Gov. Susana Martinez, who has touted herself as a champion of transparency, on Friday vetoed a piece of legislation that would have required greater public disclosure by those who spend big money in New Mexico political races.
The governor vetoed Senate Bill 96, a goal long sought by good-government groups and those who wanted greater information on the influence of money in politics.
“While I support efforts to make political process more transparent, the broad language in the bill could lead to unintended consequences that would force groups like charities to disclose the names and addresses of their contributors in certain circumstances,” Martinez wrote in her veto message.
One of the legislation’s sponsors, Democratic Senate Majority Leader Peter Wirth, responded to news of the veto Friday morning.
“I am disappointed but not surprised that the Governor would side with the Koch brothers and ALEC (American Legislative Exchange Council) and ignore the 90% of Republicans and Democrats in New Mexico who support campaign finance transparency. This is one more responsible bipartisan bill to add to the 2019 ‘to do’ list.”
ALEC is a national Republican group that crafts model legislation for state legislatures around the country.
Viki Harrison, of Common Cause New Mexico, which has lobbied state lawmakers to pass reform for years, expressed disappointment and challenged the governor’s interpretation of the legislation.
“This language was very narrowly drawn,” Harrison said. “It is absolutely constitutional. It has been vetted against case law from across the nation, including our own 10th federal circuit. The only charity who would ever have to report are those ones that are trying to skirt the law and put out sham ads before an election. We are sorry that the governor is vetoing something that 92 percent of New Mexicans want.“
Critics of the legislation, however, celebrated Martinez’s decision to kill the legislation, saying it preserved contributors’ privacy when they donate money to nonprofits involved in the political process.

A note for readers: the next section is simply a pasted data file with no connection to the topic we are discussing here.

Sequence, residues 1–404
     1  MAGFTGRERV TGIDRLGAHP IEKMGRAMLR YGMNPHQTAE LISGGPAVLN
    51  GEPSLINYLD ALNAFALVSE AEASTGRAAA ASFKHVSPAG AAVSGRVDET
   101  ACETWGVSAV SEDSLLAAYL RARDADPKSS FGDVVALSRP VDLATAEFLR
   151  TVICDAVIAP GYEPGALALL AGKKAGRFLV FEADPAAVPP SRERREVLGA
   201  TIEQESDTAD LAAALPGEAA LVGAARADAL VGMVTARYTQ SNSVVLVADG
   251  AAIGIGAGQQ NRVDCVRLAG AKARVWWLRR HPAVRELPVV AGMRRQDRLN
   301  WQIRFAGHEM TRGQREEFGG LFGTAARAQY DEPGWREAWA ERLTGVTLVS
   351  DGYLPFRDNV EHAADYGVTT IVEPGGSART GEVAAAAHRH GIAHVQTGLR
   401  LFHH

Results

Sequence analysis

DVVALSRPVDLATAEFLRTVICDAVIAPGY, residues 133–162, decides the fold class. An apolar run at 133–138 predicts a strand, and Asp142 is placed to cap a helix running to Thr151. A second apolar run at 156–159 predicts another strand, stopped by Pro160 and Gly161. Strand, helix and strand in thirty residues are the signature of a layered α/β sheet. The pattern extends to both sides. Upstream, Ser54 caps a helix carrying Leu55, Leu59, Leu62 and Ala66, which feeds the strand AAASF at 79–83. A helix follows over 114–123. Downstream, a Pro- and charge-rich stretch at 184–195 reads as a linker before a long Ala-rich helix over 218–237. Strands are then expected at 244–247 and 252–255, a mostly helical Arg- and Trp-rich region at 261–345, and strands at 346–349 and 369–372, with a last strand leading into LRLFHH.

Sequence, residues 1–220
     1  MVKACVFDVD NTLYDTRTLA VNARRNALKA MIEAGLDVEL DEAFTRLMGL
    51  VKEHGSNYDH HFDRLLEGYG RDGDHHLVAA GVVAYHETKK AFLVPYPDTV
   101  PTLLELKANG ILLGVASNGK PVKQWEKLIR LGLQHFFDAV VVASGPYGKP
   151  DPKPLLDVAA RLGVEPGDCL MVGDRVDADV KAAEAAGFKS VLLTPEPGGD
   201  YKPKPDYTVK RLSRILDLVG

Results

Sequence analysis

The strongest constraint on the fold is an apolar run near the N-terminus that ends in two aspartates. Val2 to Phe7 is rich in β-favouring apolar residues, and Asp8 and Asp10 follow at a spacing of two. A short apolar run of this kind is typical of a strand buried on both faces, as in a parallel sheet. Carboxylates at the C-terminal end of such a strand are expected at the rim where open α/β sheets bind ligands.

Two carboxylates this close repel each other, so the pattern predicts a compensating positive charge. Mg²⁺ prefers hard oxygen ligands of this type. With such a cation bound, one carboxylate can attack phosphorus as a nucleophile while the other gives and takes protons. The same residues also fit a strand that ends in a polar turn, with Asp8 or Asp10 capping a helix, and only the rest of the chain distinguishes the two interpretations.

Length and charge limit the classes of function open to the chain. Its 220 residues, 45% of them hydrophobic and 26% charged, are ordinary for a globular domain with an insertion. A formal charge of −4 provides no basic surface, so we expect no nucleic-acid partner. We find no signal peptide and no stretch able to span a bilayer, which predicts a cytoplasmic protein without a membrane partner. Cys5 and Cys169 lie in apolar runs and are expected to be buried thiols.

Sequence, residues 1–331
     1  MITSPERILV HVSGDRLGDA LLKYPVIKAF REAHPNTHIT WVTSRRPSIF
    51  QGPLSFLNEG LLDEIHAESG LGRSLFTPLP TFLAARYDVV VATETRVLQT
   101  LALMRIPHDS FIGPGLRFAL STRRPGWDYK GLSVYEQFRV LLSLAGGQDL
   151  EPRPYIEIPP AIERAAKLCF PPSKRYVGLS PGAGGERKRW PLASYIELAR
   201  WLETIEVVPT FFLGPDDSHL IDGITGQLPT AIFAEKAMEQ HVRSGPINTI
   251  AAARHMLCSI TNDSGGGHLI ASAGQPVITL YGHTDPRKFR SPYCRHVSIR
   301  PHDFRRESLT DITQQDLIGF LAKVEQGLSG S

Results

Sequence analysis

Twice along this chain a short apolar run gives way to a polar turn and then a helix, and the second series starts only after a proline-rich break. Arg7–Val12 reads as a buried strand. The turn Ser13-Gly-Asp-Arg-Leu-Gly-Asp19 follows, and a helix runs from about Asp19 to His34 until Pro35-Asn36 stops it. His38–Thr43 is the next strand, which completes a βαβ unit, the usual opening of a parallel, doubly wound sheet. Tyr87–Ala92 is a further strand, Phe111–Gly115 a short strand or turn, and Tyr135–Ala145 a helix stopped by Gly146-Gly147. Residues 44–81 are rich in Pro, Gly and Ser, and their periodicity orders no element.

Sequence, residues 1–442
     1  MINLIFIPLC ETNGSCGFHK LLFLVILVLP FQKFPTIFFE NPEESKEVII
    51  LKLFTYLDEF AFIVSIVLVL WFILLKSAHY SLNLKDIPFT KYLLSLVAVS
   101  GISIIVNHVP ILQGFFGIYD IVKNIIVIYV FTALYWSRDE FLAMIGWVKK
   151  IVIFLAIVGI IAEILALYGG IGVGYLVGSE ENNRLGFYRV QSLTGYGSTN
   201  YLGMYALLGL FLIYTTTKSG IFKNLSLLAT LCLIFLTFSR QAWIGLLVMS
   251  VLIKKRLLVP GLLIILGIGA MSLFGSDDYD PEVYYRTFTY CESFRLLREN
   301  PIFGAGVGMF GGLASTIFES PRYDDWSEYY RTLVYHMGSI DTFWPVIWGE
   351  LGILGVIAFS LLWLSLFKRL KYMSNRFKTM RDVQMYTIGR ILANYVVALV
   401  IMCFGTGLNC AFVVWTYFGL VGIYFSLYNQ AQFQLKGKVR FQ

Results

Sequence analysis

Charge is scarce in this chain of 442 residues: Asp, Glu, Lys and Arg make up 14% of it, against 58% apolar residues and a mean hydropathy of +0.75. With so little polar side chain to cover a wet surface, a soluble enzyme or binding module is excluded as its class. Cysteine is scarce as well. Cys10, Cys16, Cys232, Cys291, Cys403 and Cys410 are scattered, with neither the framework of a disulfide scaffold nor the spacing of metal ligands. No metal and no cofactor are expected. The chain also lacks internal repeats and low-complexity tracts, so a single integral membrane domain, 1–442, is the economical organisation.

Bradley A. Smith, chairman of The Center for Competitive Politics, which touts itself as the country’s largest nonprofit defending First Amendment political speech rights, lauded Martinez for siding “with the First Amendment by vetoing this poorly written bill.”
“The purpose of disclosure laws is to allow people to monitor their government, not the other way around,” he said in a statement. “If this complex bill would have become law, only groups that could afford lawyers could safely speak out about elected officials. We should make it easy for groups of all sizes to exercise their free speech rights.”
Paul Gessing of the Rio Grande Foundation, commended the governor, too .
“When public dollars are at stake, taxpayers should have a clear understanding of what is happening with their money,” Gessing wrote in an email. “When it comes to individuals engaging in the debate over important policy issues, however, those individuals should be able to do so without having their names entered into government databases and being made public, potentially with serious repercussions.”
SB 96 would have updated the Campaign Finance Act to address the proliferation of unlimited election fundraising and spending by independent groups since a 2010 U.S. Supreme Court decision. It would have required any groups making independent campaign expenditures before primary or general elections to report the source of their money.
The bill also would have doubled campaign contribution limits for lawmakers to $5,000 each for primary and general elections. That means House candidates could have raised $10,000 from a single donor over two years, while Senate candidates could raise $20,000 over four years.
That was part of a compromise with some lawmakers who wanted to lift such limits and allow lawmakers to return to taking unlimited cash from donors.
Attempts in years past to pass similar legislation cleared the Senate but stalled in the House. This year, however, the House approved the measure in a bipartisan 41 to 24 vote.
Republican Rep. James Smith, who sponsored the legislation with Wirth, said during the House debate the changes are needed to clear up inconsistencies in laws approved in 2009, before the 2010 Supreme Court decision in Citizens United vs. the FEC. That decision allowed unlimited contributions to political action committees and spending as long as there is no coordination with candidates or political parties.
SB 96 defines such coordination, and requires disclosure by nonprofits that mention candidates within a certain time frame before a primary or general election.
The story will be updated as we get more information.